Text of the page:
The Fresh Loaf

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affordable Dutch ovens for sourdough

Lila's picture

affordable Dutch ovens for sourdough

I am thinking of selling some of my sourdough bread at the local farmers market, and need to buy a couple of Dutch ovens. So far I've been baking in an old cracked lacloche and a heavy lodge cast iron pan which is shaped kinda like lacloche - shallow pan and tall lid. I prefer how bread comes out in lacloche, and the lodge pan is too heavy for me with a single long handle on the side. I also prefer this design - shallow pan, tall lid because it's easier for me to load bread into it. But I'm starting to think about switching to Dutch ovens.

Lacloche are about $75 on Amazon and purchasing 2-4 at once is a bit pricy. So far I've bought 3 on ebay or similar websites for $40-$50 and EVERY SINGLE ONE has arrived broken.

Could anyone recommend a reasonably priced about 10-11 inches diameter Dutch oven that has worked really well for them for sourdough bread? I don't know anything about Dutch ovens... There is le creuset of course, but that's unaffordable.

Thank you so much!!


Precaud's picture

but out of stock everywhere...

OldWoodenSpoon's picture

This 5 Qt Lodge Dutch Oven has performed perfectly for me for all of my sourdough bakes.  I can't say this is "reasonably priced" because, well, "Lodge"!  But as of this writing they are available at $59.95 (Just say $60, won't they!), with a $10 off coupon available for orders over $50, if you are willing to subscribe to their newsletter.  Not a lot, but every little bit helps, eh?

Lodge 5 Qt Dutch Oven

I baked for years in a La Cloche, but finally tired of replacing them.  They seemed to suffer from heat-work fatigue after a couple of years of frequent use.  I bought two of these excellent Lodge ovens.  This size allows me to bake two loaves at a time in my home oven, which cuts my total bake time down significantly when I bake 4 loaves, which is typical for me.  The down-side is that it is only really a good fit for boules and ovals.  Long loaves require other kinds of baking creativity, for me at least.

Hope your Farmer's Market venture works out for you!

pmccool's picture
suminandi's picture

I use these. They are cheap, light weight, and durable. If your oven holds a steady temperature, it’s not at all necessary to have heavy covered cookers. You just need something to hold moisture for the first part of the bake. Good luck with your project.

Precaud's picture

I wondered about the necessity for the cast iron thermal mass. Does it depend on how "steady" the temp is held? I'm curious, have you quantified your oven's swing?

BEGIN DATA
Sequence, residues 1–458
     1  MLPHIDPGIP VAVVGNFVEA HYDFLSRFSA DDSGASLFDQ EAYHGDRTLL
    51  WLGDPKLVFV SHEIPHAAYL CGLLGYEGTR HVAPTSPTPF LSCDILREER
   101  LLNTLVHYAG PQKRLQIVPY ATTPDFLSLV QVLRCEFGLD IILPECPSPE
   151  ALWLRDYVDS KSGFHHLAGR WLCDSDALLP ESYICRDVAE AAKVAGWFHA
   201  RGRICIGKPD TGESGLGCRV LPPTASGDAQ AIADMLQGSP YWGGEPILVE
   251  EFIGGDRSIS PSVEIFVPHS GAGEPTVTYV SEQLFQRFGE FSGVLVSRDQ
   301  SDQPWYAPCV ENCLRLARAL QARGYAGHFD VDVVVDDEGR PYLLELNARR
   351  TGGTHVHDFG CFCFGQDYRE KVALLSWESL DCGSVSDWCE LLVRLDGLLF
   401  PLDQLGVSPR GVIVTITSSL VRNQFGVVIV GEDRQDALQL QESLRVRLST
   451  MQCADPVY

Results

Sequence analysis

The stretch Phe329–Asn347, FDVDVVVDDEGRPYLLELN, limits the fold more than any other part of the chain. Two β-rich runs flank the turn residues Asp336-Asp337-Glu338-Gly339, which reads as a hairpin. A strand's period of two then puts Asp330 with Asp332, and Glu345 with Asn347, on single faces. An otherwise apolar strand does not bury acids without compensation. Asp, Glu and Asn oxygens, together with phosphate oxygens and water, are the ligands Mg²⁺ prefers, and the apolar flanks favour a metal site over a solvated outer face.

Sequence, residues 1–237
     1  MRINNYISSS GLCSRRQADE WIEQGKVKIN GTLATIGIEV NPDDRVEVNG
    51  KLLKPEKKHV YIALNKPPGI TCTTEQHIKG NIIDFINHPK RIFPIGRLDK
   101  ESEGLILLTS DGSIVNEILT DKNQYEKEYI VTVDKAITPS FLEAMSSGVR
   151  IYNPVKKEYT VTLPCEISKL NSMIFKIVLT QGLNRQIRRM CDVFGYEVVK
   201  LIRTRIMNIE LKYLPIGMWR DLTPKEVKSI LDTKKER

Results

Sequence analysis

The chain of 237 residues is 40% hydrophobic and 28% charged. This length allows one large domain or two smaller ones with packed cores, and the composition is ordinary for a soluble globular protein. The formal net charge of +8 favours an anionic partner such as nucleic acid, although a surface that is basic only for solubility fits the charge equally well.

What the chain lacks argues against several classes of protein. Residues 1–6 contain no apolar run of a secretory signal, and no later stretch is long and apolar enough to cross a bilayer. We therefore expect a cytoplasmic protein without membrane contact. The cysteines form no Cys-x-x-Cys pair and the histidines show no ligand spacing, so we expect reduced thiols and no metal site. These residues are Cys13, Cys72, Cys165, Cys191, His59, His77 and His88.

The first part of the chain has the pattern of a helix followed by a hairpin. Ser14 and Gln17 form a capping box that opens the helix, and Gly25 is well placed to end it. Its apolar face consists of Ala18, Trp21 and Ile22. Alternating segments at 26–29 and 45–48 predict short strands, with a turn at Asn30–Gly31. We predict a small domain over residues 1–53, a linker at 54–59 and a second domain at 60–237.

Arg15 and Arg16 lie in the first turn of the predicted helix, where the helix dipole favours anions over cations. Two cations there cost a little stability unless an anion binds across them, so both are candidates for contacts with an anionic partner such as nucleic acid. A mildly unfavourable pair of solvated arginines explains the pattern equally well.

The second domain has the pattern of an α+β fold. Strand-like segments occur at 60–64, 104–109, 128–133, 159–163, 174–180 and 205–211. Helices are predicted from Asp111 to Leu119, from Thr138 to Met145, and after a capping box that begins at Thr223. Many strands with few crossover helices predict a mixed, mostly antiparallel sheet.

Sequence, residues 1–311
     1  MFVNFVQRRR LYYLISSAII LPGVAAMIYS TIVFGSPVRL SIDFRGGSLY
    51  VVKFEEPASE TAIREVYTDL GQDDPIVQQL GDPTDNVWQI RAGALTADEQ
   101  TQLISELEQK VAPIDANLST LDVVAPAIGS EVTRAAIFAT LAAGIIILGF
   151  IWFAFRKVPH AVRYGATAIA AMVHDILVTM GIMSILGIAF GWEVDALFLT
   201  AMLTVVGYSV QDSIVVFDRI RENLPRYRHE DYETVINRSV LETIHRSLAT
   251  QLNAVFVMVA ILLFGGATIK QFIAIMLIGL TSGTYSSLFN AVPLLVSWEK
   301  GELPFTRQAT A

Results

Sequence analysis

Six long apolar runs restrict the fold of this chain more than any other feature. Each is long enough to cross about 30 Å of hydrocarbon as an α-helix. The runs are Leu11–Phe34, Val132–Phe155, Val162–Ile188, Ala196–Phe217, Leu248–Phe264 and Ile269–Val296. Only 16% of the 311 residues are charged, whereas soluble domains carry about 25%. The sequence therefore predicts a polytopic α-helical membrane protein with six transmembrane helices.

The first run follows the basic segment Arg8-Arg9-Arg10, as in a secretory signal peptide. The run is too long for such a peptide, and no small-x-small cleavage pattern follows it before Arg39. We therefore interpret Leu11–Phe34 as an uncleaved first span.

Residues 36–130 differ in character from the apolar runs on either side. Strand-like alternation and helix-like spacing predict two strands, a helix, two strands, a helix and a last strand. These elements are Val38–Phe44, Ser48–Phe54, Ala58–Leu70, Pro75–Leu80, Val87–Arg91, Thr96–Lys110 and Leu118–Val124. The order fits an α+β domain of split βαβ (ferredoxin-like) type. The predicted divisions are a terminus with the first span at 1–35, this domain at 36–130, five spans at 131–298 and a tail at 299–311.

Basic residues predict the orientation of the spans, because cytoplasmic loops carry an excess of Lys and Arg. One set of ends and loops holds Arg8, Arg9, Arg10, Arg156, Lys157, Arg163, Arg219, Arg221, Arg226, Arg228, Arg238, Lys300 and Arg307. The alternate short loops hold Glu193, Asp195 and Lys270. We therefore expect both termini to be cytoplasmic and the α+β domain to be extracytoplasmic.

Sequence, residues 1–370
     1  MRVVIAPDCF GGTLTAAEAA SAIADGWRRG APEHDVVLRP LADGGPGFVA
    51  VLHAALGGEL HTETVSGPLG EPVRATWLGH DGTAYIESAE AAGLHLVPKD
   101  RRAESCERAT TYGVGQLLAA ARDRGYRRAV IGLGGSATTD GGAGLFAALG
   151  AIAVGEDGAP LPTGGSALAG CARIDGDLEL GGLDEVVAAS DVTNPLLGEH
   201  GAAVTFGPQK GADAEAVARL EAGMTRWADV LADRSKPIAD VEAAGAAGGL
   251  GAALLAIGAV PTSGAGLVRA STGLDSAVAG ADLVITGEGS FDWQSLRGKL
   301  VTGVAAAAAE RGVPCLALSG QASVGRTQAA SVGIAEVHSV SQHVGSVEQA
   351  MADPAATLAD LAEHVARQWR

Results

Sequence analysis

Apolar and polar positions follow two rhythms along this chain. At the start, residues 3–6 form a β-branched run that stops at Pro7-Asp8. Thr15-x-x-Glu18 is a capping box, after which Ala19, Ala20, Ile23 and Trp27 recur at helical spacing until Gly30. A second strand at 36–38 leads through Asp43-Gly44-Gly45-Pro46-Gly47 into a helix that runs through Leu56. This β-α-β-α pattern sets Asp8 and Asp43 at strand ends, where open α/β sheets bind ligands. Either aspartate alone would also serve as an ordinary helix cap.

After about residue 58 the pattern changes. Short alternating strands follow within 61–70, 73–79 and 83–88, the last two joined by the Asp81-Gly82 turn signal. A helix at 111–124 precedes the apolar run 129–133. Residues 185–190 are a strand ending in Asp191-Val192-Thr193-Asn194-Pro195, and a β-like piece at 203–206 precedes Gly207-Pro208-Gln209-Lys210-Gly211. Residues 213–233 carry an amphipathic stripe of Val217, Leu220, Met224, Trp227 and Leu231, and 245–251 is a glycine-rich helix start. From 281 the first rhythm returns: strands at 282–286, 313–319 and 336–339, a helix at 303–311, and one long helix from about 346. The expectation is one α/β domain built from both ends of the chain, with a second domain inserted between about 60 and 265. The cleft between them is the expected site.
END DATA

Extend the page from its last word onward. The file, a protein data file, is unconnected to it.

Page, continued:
suminandi's picture

My oven is an electric oven from the 1940s. If i heat up a pizza stone prior to baking, it doesn’t cycle while I’m baking at all. However, I often don’t use a stone, and I haven’t noticed some temperature fluctuations making a difference. Gas ovens are continuously vented, so perhaps a pan with more thermal mass makes a difference. Also, I load the loaves cold and it’s safer that way. 

clew's picture

I kind of split the difference - I have a stone in my not very powerful electric oven, and use a big steel bowl to cover loaves tipped onto the hot stone. Advantage: I never have to move anything that’s both heavy and hot. 


SueVT's picture

I have two Camp Chef cast iron dutch ovens - the advantage is cost, and that some models have a lid with raised edge, which allows you to bake in the lid, with the base inverted over the loaf.

I have the Golden Spike Oval Dutch Oven, and a 12 Qt seasoned Dutch Oven. These are both very large models, but they make smaller ones you would like.

Quality seems excellent, and I have had no problems with them. I preheat, load loaf into the inverted lid, slash, and put the base over the lid.



I bake my breads all time in Lodge...I have a 4.5 qt unlined and a 5 qt lined cast iron. I bought the larger one at costco for about $40 and the other at Bed, Bath and Beyond with a coupon for maybe $35.  I use one or the other every other day depending on which house I am in. While I might prefer Staub or even LeCrueset, you can't beat the Lodge prices.... and I have to say my breads work really well in these.  I do use parchment between the cast iron and the bread dough.

squattercity's picture

I don't think the brand matters much as long as they are heavy. If you might use them on the stovetop as well as in the oven, an enameled surface might be the way to go (less retained flavor, perhaps, though it will discolor.) Another thing to look at is the handle. My brother had a Le Creuset with a black handle and, baking a high rye, I discovered that the plastic starts to liquify at 232C/450F. Le C has since come out with a metal handle -- a big improvement.

I found my first Dutch Oven because someone in my building had thrown it out. It's one of those anonymous brands. I later bought a massive oval Lodge. They're both enameled. The Lodge is probably a little better because it's weightier. Now I can't imagine baking without them.


fredleibl's picture

I also use granitware roasters for sourdough and they work great.  I line them with parchment.  I am thinking of putting a baking steel in and putting the roaster on top to get more immediate heat transfer more similar to baking directly on a stone.  I am a bit concerned about burning the bottom   Does anyone have any experience with this.